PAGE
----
Patrick Knowles: I almost never read it. I just don’t have time. Often, I request a synopsis so that at least I have a good overview of the story arc. Very occasionally I'll ask for the manuscript. It really depends on the nature of the book. Some books follow a genre so neatly that you know what has to be done and you can draw the salient image out of the author — the kind of tropes that they want on the cover. I like the idea of being able to read, but honestly, I'd be up all night if I did.

Sarah Lahay: I like to do a bit of comparative market research every time I start a project, but because I have my finger on the pulse, it's not a deep dive. I'm working on multiple projects every month and I'm staying on top of what's coming out in the industry.

That being said, I will never turn down an opportunity to spend some time browsing in a bookstore, especially as I'm traveling and seeing different bookstores around the world. Even going into a library and seeing what kind of books are out there that I might not have had a chance to work on recently.

Martin: Patrick, do you go to bookshops for inspiration as well? 

Patrick Knowles: Absolutely. And obviously Amazon's a good place as well, though you have to be aware they bring out both new titles and backlist stuff. There are also things like The Bookseller over here in the UK and I follow publishers on social media to get a regular view of what's going on in the world. 

You do see changes, which is interesting. I saw some changes recently to some major authors of chick-lit over here who, over the last two or three years, have repackaged their stuff. So you see a new shift in styling and that's really important to keep track of. Because while you’re seeing [design concepts] from a contemporary marketing point of view, authors might see it from a completely different angle and you have to show them what’s happening right now on the market to advise them what route to go.

Sarah Lahay: You have to walk a fine line when you're designing a cover and guiding someone through the design process. You want the book to stand out, but it can't stand out so far that the people that want to buy it don't know what they're looking at. 

Patrick Knowles: That's a very good point. Authors will often come at the cover from a purely narrative point of view, but actually, you have to look at it from a design point of view that people will understand. And you don't want to show the whole story on the cover — what you want to do is draw out something from the narrative that will make an exciting and interesting image to draw the reader in. Because if you tell them the whole story on the cover, what's the point of buying the book?

3. Island of Gold (Patrick)

Martin: The next cover is by an indie historical fiction author who wants to diverge from the aesthetics of her first series. After a bit of research, she noticed that a lot of historical fiction uses stock photos of contemporary models wearing period clothing, but she was looking for something a little bit different.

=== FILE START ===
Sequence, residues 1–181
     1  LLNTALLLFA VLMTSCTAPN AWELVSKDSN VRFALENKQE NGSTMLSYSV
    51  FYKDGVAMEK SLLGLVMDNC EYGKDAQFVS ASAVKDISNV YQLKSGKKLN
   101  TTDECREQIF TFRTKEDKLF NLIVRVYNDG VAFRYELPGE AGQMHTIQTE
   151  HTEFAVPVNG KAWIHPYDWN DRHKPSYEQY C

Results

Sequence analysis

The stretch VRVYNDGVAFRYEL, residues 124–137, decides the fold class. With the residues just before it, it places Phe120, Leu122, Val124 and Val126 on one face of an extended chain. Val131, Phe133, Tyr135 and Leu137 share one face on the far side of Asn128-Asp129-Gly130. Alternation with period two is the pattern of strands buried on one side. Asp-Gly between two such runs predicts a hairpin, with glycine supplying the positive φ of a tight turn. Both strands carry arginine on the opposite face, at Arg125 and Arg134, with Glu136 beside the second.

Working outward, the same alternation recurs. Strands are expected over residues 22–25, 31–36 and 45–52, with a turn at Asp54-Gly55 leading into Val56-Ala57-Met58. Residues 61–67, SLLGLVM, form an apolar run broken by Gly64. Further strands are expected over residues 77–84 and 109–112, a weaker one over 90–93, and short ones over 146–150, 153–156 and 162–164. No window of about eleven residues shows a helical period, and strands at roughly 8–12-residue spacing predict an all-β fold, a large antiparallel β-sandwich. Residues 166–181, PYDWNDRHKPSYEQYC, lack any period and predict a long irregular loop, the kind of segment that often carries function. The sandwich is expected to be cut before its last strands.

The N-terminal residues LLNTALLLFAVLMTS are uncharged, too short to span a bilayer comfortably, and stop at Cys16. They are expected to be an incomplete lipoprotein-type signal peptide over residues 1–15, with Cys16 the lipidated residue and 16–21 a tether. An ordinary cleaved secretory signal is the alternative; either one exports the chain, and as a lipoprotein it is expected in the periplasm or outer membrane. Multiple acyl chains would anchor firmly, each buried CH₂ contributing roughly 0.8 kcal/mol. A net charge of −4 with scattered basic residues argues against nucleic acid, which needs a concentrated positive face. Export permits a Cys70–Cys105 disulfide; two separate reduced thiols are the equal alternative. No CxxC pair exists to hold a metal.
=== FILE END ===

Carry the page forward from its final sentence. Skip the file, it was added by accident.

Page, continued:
She sent in some covers for inspiration:

Patrick Knowles: Amy had already published before so she knew some of the issues involved in producing a cover, which was actually very helpful. She also understood that you have to present historical fiction in a particular way.

You’ll find with genres that they’re quite broad — there are genres within genres, if you like. So if you're looking at historical fiction, for example, you might have someone like Hilary Mantel, who does extraordinarily good historical fiction. Her cover styling is one kind because her books are very weighty and academic, but also entertaining. What Amy was doing was much more towards historical romance.

Royalty free vs licensed images

Patrick Knowles: With historical novels, there are also specific issues you have to deal with, such as the sense of time. This was set in the 15th century which presents its own problems. How do you find images with the right kind of costumes and ships for that on iStock or Shutterstock?

These things limit what you can do. I've had several authors recently who wanted to do battle scenes, but that’s very difficult to get royalty free — it’s going to cost an arm or a leg. So sometimes you have to go for something else.

The basic principle is that royalty free is a bit like buying something off the shelf in a supermarket, and licensed images are a bit more like going to a specialist. The problem with that is that the license will cost you more because you’re buying the image for a certain period, for a certain number of territories — the UK, the world, etc. After that, you have to renegotiate the license.

The cost will be much higher — maybe four or five times the cost of the royalty free image, depending on what site or photographer you’re using.

Presenting concepts to clients

Patrick Knowles: I talked the author out of using human figures partly because of the main issue of period costume, but also because — like she highlighted herself — a lot of historical fiction has a woman on the cover wearing a beautiful dress. And I said, “if you want to do something a bit different, a bit more intriguing, let's move away from that — let's use some of the symbols that are in the book.”

One of the symbols was this hawk, which is quite a powerful image. There was also the maltese cross since it was partly set on Malta. So that became a motif which we decided to use, with the actual island in the background. Then I sketched in a medieval border to add a slightly more romantic feel. 

Martin: I noticed that you do the initial concepts in black and white. Is that to save time?

Patrick Knowles: It is a matter of time, and also because I don’t want to show the author too much at the beginning. Otherwise they can start focusing on little details. So I present them as sketches and ideas — or concepts as you say — to get their initial response. Then, in the next stage, we can go into more detail to make it look like a real book cover in color.